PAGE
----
Pandora unable to honour court order on money - Ishoof
Says farmers have received part payment
January 17, 2004
Chief Executive Officer of Pandora Rice Inc, Scheherazade Ishoof says her company is unable to honour the Supreme Court order to deposit $12.9 million with the court's registrar, which is the amount of money allegedly owed to 36 rice farmers.
Ishoof told this newspaper on Thursday in an interview that her business was cash-strapped and did not have the money. She could not say definitively how soon the farmers would get their money.
Meanwhile, Attorney-at-law, Priya Manickchand who is looking into the interest of the farmers said the order had not been served on Ishoof, since whenever the court's marshal visited her home or business place neither she nor her company secretary could be found. The order was finally served on Ishoof yesterday.
Justice Claudette La Bennett ruled on Wednesday that the milling company must deposit with the Registrar of the Supreme Court within 24 hours the sum of $12,926,725 which is the total owed to rice farmers who supplied paddy to the company between the months of September and October 2003.
Ishoof said her company was trying to work out a system whereby it could pay the farmers. However, she said it was not only those farmers who took her to court who she owed but several others who if they made similar demands would aggravate the situation.
Some of the farmers had claimed debt in excess of $2 million but Ishoof said even though she has not paid farmers in full, most of them would have received between 50%-75% of their payments already.
Asked when farmers could expect the rest of their money, Ishoof said she was not in a position to promise them since she is still to receive full payment for rice shipped to Jamaica. She said even if she had received the money it would have been very difficult to settle all of the farmers' debts. "They need to wait until we balance off ourselves, the company invested a lot of money into the rice mill and we have not been getting the sort of returns yet. We are going to pay them, but they must wait and have some patience."
The farmers who had picketed Ishoof's Begonia Avenue, Bel Air home on Wednesday had told this newspaper that they were very frustrated, since even though the company was indebted to them, management was not forthright.
One farmer said that he was forced to take a loan so as to continue his business, while others said they could not adequately service their crops due to lack of finance.
Ishoof said she wanted to continue operations at the mill, even though it would be a real challenge. Ever since the company took over the government-owned Burma Rice Mill it has always failed to make timely payments to farmers.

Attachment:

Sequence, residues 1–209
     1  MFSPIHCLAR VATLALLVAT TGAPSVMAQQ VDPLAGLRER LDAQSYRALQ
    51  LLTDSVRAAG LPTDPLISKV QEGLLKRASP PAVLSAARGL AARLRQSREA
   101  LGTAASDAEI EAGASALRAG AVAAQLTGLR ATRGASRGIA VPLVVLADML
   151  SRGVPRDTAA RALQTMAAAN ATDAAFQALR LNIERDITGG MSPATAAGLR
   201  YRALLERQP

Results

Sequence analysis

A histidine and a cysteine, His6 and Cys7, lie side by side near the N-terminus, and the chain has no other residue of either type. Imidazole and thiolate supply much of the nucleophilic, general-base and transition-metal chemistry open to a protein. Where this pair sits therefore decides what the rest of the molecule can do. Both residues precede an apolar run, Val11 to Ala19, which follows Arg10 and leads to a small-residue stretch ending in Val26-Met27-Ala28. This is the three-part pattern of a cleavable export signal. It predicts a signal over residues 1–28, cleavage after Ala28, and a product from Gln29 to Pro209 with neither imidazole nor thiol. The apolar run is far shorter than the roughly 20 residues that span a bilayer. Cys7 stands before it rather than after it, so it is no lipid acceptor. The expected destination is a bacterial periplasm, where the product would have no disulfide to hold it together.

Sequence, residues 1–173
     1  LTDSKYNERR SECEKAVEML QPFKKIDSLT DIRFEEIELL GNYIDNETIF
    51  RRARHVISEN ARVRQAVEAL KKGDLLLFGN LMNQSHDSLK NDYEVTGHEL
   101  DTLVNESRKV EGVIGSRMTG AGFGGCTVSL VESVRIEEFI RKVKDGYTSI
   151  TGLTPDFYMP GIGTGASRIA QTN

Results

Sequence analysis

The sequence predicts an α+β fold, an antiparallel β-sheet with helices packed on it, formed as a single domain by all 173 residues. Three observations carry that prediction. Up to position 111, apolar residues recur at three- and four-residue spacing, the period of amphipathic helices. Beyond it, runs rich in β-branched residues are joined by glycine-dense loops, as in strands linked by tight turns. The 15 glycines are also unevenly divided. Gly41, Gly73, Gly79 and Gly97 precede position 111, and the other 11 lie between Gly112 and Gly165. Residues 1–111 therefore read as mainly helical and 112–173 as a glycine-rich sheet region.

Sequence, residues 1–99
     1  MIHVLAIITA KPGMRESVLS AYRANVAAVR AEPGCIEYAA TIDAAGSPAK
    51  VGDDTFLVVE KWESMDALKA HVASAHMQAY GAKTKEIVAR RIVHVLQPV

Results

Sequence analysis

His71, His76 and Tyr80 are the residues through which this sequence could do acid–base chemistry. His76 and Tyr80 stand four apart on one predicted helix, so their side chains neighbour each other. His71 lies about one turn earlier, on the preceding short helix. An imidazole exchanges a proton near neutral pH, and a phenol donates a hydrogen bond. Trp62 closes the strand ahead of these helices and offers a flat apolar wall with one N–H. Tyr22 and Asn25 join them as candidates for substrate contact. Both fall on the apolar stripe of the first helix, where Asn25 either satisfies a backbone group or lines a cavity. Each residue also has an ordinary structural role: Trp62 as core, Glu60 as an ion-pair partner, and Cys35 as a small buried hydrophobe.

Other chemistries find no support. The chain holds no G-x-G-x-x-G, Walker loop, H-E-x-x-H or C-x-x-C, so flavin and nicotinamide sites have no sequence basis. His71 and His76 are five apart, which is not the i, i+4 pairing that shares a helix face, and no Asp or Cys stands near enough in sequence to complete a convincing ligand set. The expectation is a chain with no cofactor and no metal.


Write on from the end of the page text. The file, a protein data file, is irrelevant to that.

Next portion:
But Ishoof said the reason why that happened was because a financial intermediary had mishandled her company's funds. The CEO explained that usually she would pay the farmers directly from her foreign currency. She said money from export sales was usually transferred to her intermediary in Guyana, but the intermediary on many occasions could not account for the money and as such, the farmers' payments were delayed.
She said too that such a situation led her into paying farmers with post-dated cheques which also caused a lot of problems.
"But even though they are complaining it is the norm in the rice industry almost all of the millers pay farmers with post-dated cheques and some of them take as long as I do to make payments to them, but it seems like it is a ploy to run me out of business. Nobody pickets the other millers, nobody speaks so bad about the other millers, but we (were) only in this business for less than a month and look at their reaction," Ishoof declared.
According to the CEO, Burma is the largest rice mill in Guyana and is providing a far better service than many of the other mills. She said when they first took over the mill numerous farmers used to sell their paddy to Pandora. "But now all the rice agencies bad-mouthing us and since that start to happen there has been a drop in our customers."
In terms of payment arrangements, Ishoof said she usually made a first payment to farmers two weeks after they delivered their paddy; they would receive the balance within the next eight weeks. Ishoof was confident that this was the standard system within the industry.
She said for the last crop which ended last year November she bought some 43,000 bags of paddy from the farmers. Paddy, which she purchased from the spring crop, has already been paid for, she said, the current arrears are only for the last crop.